Conservators used two 20-ton hoists and an ingenious doughnut-shaped turning cradle Wednesday to right one of the massive upside-down cannon recovered in 2000 from the wreck of the USS Monitor.
The 13-foot-long Dahlgren gun, which weighs about 17,000 pounds, helped the famous Civil War vessel make naval history when it squared off with the CSS Virginia - also known as the Merrimack - on March 9, 1862, in the first battle between ironclad ships.
But not since the Monitor sank and landed upside down off Cape Hatteras, N.C., at the end of 1862 has either of its two guns laid upright, enabling onlookers to inspect the commemorative engraving chiseled into the top of the barrel after the landmark engagement.
"It's nice to see it over on the right side," said Mariners' artifact handler Gary Paden, who helped design the turning rig. "It's been a good long while."
Carefully hoisted from the ship's pioneering gun turret in late 2004, both the starboard and port cannons were transferred to separate 8,000-gallon treatment tanks inside the cavernous USS Monitor Center conservation lab. There the huge guns have soaked for nearly three years in a sodium hydroxide bath designed to draw potentially catastrophic deposits of chloride compounds from their vulnerable cast-iron barrels.
Three months ago, the conservation team rigged the bores of the guns with a low-ampere electrical current that will accelerate the pace of the treatment process. But Wednesday's ponderous juggling act will enable them to wrap the exterior of the barrel with a stainless-steel anode mesh, increasing the effectiveness and the speed of the electrolytic regime still further.
The careful lift and turn also enabled the conservators to expose two sections of the cannon that had previously escaped treatment because of the wooden cribbing that covers part of the bottom surface.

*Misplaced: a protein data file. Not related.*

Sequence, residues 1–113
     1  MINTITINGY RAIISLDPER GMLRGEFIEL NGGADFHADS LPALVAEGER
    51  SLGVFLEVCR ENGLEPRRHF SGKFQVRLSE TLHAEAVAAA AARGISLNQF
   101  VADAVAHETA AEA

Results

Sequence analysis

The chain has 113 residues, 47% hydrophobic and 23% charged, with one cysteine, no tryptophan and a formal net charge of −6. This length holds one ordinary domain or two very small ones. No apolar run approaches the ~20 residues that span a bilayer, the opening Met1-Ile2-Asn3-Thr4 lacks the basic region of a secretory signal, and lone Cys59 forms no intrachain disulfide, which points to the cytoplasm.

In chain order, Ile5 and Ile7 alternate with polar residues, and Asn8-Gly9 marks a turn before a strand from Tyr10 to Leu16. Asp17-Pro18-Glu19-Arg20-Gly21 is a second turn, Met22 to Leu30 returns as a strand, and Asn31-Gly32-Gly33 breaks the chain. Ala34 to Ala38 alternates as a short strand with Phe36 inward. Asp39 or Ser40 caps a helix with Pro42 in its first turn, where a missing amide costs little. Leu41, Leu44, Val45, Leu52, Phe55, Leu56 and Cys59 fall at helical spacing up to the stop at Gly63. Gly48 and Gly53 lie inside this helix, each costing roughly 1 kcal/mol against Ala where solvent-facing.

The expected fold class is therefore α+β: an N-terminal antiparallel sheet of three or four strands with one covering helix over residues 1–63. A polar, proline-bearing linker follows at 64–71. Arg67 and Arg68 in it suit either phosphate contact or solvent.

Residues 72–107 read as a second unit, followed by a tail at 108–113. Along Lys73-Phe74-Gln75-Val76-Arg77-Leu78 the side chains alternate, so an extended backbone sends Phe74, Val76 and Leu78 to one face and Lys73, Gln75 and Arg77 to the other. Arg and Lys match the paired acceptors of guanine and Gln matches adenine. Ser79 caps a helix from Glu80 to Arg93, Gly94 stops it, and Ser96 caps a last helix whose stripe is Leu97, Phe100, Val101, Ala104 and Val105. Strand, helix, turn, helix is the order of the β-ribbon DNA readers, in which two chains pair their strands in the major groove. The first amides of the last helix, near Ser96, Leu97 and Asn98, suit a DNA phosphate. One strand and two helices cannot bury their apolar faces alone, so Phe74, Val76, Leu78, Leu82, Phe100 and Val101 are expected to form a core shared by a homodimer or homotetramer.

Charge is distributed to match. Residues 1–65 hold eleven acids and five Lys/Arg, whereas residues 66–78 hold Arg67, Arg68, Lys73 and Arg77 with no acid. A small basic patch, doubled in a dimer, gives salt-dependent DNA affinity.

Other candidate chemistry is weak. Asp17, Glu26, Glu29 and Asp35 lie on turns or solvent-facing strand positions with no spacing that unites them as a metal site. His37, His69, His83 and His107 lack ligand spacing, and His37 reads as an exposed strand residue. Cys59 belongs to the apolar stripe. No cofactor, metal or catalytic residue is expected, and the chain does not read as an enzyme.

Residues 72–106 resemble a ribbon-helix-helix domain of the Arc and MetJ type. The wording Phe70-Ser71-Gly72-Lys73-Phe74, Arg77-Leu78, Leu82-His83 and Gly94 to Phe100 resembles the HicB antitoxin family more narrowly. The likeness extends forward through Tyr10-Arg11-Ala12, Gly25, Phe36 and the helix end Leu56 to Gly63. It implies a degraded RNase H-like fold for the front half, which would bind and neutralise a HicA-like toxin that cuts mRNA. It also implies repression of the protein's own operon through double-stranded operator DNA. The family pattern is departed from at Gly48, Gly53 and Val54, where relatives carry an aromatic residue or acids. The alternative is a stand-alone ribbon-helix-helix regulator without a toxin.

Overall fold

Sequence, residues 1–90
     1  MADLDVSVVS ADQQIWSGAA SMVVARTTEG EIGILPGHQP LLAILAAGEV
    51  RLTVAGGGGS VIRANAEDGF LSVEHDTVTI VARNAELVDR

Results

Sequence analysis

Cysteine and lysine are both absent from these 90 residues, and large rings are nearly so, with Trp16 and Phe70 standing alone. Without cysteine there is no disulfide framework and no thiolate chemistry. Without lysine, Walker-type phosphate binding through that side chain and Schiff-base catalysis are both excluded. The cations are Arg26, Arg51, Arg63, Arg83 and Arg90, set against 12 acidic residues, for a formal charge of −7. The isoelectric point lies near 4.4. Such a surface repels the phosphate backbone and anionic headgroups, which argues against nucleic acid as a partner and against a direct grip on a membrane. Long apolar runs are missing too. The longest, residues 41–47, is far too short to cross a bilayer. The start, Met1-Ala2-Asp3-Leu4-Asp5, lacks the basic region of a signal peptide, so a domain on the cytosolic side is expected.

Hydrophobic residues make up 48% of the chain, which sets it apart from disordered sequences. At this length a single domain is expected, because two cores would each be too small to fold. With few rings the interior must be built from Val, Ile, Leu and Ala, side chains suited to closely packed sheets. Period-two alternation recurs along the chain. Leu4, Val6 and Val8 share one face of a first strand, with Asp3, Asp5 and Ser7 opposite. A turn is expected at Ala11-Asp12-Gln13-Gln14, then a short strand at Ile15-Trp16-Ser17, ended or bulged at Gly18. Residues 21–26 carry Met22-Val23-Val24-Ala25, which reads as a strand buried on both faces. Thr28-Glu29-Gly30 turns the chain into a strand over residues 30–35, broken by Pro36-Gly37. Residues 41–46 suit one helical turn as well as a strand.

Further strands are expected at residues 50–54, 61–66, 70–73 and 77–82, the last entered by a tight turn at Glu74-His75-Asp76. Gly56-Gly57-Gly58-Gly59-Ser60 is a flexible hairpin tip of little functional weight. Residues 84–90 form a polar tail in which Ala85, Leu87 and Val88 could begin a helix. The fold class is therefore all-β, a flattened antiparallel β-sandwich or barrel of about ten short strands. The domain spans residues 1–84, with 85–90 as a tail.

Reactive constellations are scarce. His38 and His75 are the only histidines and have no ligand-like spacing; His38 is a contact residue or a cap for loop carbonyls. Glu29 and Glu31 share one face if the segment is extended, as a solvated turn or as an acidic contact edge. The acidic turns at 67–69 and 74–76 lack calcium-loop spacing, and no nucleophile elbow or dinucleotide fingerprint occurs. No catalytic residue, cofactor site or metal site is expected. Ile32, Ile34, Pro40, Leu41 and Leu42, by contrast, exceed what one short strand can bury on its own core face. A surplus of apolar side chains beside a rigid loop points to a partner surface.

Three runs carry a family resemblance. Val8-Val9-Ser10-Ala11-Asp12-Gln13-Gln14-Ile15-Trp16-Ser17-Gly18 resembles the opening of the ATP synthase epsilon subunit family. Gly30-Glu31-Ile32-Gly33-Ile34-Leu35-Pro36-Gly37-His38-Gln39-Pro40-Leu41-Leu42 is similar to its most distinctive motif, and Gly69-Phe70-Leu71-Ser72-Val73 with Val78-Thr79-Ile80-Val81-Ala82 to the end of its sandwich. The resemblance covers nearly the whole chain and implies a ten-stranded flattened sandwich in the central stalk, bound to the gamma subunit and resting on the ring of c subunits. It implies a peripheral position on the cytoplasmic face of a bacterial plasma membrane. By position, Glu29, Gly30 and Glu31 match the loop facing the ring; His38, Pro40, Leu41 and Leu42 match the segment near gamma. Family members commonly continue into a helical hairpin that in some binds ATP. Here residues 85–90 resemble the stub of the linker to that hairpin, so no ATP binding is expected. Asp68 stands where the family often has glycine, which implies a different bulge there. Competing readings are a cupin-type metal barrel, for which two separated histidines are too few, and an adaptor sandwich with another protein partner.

"This is really going to help speed things up," Mariners' conservator Dave Krop said. "But the barrel is nearly 18 inches thick at the breech. So the whole process is still going to take four or five years."
The cannon and its mate will have to be turned several more times during treatment - making Wednesday's two-hour-long maneuver the first in a long series of industrial-sized tests for the Mariners' conservation team.
But once they lifted the giant artifact from its tank, lowered it into the bottom half of the doughnut-shaped cradle and bolted the top half down, they carried out the actual turning in less than 15 seconds, rolling the cannon and its supporting cage by hand across the lab's thick concrete floor.
"The idea was to turn it but not touch it," said Paden, explaining how welders from Northrop Grumman's shipyard Apprentice School fabricated the two steel wheels supporting each end of the gun.
"Once it's in this rig, two guys can roll it over."
The team drew much of its confidence from the original lift of late 2004, when worries about the condition of an artifact that had been tested in battle, battered by a catastrophic shipwreck and subjected to nearly 142 years of saltwater corrosion led many observers to hold their breaths and cross their fingers.
But the conservators still showed plenty of excitement when they completed the unexpectedly trouble-free turn just before 11 a.m. Wednesday, then removed the top half of the turning rig to reveal the commemorative Civil War engraving on the barrel.
Executed by workmen at the Washington Navy Yard a few months after the ship's epic 1862 battle in Hampton Roads, the simple two-line inscription honors the Monitor's designer - Swedish-American naval architect John Ericsson - as well as the historic clash with the Virginia. A similar engraving on the other gun honors Monitor Capt. John Worden.
Because of the tumble that took place during the wreck, however, neither of the inscriptions was clearly visible until the Ericsson gun was turned right side up. So well-preserved were the names that appeared when the rig was removed that Monitor National Marine Sanctuary historian Jeff Johnston leaned over and - only partly in jest - kissed the historic metal.
"We are pleasantly surprised by the state of preservation," Krop said, smiling as he studied the cannon's condition.
"The corrosion product you see may look pretty gnarly. But as it sloughs off during treatment, it's looking more and more like the original metal. So all the dents and scars you see come from its time aboard the Monitor."Copyright © 2015, Los Angeles Times